Let’s be flexible? Turns out, not everyone is on board with flexible schedules–what we consider to be an awesome way to keep smart people in the workforce. There are other people’s feelings and sense of fairness to manage.

Consider this recent New York Times article, “When the Life Scales Aren’t Equal,” which highlights how some people say they are saddled with more work when their colleagues aren’t available due to flexible work schedules. And parents seem to bear the brunt of the blame for flex-time needs.

It’s a good read to remind you how to keep your colleague’s needs in mind if you have a flexible schedule (probably a good thing to remember to think about in any work situation in general), and think about how to keep some of the push-back at bay.

One strategy may be as simple as “don’t ask, don’t tell.” In this guest post on CNN.com, an executive coach writes:

From cnn.com: What the problem often comes down to is superficial appearances: It may look like working parents are getting a slide when they leave to take care of the family. And that is because working parents and child-free workers alike assume we need to disclose more than we really do. In these matters transparency is overrated. My recommendation is simple: don’t ask, don’t tell. When a worker has to leave the office, he or she should simply state, “I have to leave at x time because I have an event/appointment/commitment.”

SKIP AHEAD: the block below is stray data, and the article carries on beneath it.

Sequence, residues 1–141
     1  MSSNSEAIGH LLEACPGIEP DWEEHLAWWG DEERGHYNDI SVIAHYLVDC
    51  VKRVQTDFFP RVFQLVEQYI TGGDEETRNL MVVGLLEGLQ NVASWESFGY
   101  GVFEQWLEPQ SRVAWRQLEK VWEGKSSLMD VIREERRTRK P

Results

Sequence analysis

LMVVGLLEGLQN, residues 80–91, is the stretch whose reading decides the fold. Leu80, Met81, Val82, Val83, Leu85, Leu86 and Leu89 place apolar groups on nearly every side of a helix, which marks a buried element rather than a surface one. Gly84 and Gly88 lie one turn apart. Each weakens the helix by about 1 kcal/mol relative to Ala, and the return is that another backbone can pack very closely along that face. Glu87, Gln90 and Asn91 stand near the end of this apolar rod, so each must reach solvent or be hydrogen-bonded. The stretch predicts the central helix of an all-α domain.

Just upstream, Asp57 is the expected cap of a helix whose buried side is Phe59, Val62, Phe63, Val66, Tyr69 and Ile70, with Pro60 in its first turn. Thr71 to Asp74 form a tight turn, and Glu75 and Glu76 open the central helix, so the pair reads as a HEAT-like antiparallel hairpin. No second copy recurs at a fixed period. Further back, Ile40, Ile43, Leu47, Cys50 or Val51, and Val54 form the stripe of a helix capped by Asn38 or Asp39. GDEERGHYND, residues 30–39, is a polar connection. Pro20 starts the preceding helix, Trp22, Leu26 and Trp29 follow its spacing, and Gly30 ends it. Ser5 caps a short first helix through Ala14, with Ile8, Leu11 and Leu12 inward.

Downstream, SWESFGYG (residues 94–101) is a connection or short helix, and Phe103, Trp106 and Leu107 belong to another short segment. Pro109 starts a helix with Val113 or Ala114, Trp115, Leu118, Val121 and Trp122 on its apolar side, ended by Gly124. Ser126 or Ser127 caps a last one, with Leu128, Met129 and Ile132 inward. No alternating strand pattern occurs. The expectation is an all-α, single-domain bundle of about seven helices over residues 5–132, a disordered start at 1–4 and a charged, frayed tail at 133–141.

Makes sense. And so does her larger point, made in reaction to the NYT story cited above, about why flex time is good for companies:

Per cnn.com: Certainly, the tensions are real. But what this article and much popular debate around flextime misses is that when appropriately implemented, co-workers benefit from the greater contributions, not to mention healthier lifestyles, that flextime affords. It’s time to move beyond overly simplistic analysis that sets people against each other at work.

To that we say, oh yeah!

– SD